Womanism and Black Feminism in the Work of Carrie Mae Weems


  • Christiane Stephens University of Redlands (EdD)




Social justice, womanism, liberation


This article examines the liberatory aspects of Womanisn and Black Feminism in the work of artist Carrie Mae Weems.  Weems, artist and anthropologist creates artwork that highlights the issues of oppression and giving voice to worldwide issues.  Under the theoretical lens of Womanism, the article utilizes  Arts- Based -Educational Research (ABER), a non traidtional methodology, which aligns with Womanism to provide into past and present issues of liberation and equity. Womanism, Black women’s feminism, and ABER have the potential to bring issues of equity and social justice out of the academies and into the everyday world for those most in need of liberation.

Author Biography

  • Christiane Stephens, University of Redlands (EdD)
    I have an EdD from the University of Redlands where I have also been an adjunct professor.



Barone, T., & Eisner, E. W. (1997). Arts-based educational research. In R. M. Jaeger (Ed.), Complementary methods for research in education (2nd ed., pp. 73-98). Washington, DC: American Educational Research Association.

Barone, T., & Eisner, E. W. (2012). Arts-based research. Los Angeles, CA: Sage.

Clover, D. E. (2006). Cultural and anti-racisms adult education: An exploration of the contributions of arts-based learning. Adult Education Quarterly, 51(1), 46-61.

Collins, P. H. (2000). Black feminist thought: Knowledge, consciousness, and the politics of empowerment (2nd ed.). New York, NY: Routledge.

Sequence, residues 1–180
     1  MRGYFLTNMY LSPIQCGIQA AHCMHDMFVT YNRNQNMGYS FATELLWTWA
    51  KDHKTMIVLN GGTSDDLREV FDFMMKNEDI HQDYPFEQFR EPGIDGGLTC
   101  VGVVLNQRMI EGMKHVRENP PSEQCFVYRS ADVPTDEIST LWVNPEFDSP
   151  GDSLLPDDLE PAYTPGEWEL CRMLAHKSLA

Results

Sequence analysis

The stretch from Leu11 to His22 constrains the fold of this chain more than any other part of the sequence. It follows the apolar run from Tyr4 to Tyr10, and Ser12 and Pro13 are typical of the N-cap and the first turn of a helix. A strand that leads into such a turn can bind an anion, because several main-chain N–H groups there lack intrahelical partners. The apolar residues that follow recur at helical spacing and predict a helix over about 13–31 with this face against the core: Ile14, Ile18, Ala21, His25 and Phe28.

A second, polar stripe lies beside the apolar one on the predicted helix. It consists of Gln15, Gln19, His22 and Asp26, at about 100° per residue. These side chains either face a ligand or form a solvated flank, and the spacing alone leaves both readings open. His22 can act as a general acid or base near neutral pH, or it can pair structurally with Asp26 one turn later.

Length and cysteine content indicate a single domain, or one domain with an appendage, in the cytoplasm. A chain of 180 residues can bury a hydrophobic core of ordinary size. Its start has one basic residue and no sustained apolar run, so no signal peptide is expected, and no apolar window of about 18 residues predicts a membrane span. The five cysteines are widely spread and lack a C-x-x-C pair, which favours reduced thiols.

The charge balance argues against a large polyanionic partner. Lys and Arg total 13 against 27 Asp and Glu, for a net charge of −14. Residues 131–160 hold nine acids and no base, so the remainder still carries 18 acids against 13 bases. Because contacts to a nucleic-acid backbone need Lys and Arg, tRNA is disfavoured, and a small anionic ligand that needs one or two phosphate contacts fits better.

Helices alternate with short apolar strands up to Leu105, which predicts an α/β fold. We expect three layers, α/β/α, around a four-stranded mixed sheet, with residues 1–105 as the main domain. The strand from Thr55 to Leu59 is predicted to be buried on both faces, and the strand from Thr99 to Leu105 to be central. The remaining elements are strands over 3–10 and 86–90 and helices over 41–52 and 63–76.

Dillard, C. B. (2002). Walking ourselves back home: The education of teachers with/in the world. Journal of Teacher Education, 53(5), 383-392.

Farrell, L. A., & Weems, C. M. (with Willis, D.). (2009). Constructing history: A requiem to mark the moment [Art catalogue]. Savannah, GA: Savannah College of Art and Design.

Giddings, P. (2008). Ida: A sword among lions. Ida B. Wells and the campaign against lynching. New York, NY: Amistad.

hooks, b. (1984). Feminist theory: From margin to center. Cambridge, MA: South End Press.

hooks, b. (1994). Teaching to transgress: Education as the practice of freedom. New York, NY: Routledge.

hooks, b. (1995). Art on my mind: Visual politics. New York, NY: The New Press.

hooks, b. (1996). Killing rage, ending racism. New York, NY: Routledge Henry Holt & Company.

McInnes, M. D. (1999). Telling histories: Installations by Carrie Mae Weems and Ellen Rothenberg. Seattle, WA: University of Washington Press.

McNiff, S. (2008). Art-based research. In G. J. Knowles & A. L. Cole (Eds.), Handbook of the arts in qualitative inquiry: Perspectives, methodologies, examples, and issue (pp. 29-40). Thousand Oaks, CA: Sage.

Patterson, V. (2000). The Hampton project. Williamstown, MA: Aperture.

Phillips, L. (Ed.). (2006). The womanist reader: The first quarter century of womanist thought. New York, NY: Routledge.

Sheared, V. (1994). Giving voice: An inclusive model of instruction—a womanist perspective. New Directions for Adult and Continuing Education, 27-37. doi:10.1002/ace.36719946105

Wynter, S. (1990-1992). Do not call us Negroes: How multicultural textbooks perpetuate racism. San Francisco, CA: Aspire.


Figure 1. Plate 9 in Ritual & Revolution, by Carrie Mae Weems, 2003 1

Figure 2. (Image 1) in From Here I Saw What Happened . . . And I Cried, by Carrie Mae

Weems, 1995-1996 9

Figure 3. House, Field, Yard, Kitchen in From Here I Saw What Happened . . . And I

Cried, by Carrie Mae Weems, 1995-1996 11

Figure 4. (Image 1) in The Hampton Project, by Carrie Mae Weems, 2000 12

Figure 5. (Image 2) in The Hampton Project, by Carrie Mae Weems, 1998 14

Figure 6. Slave Coast in Ritual & Revolution, by Carrie Mae Weems, 1993 17

Figure 7. Plate 15 in Ritual & Revolution, by Carrie Mae Weems, 2003







Similar Articles

1-10 of 239

You may also start an advanced similarity search for this article.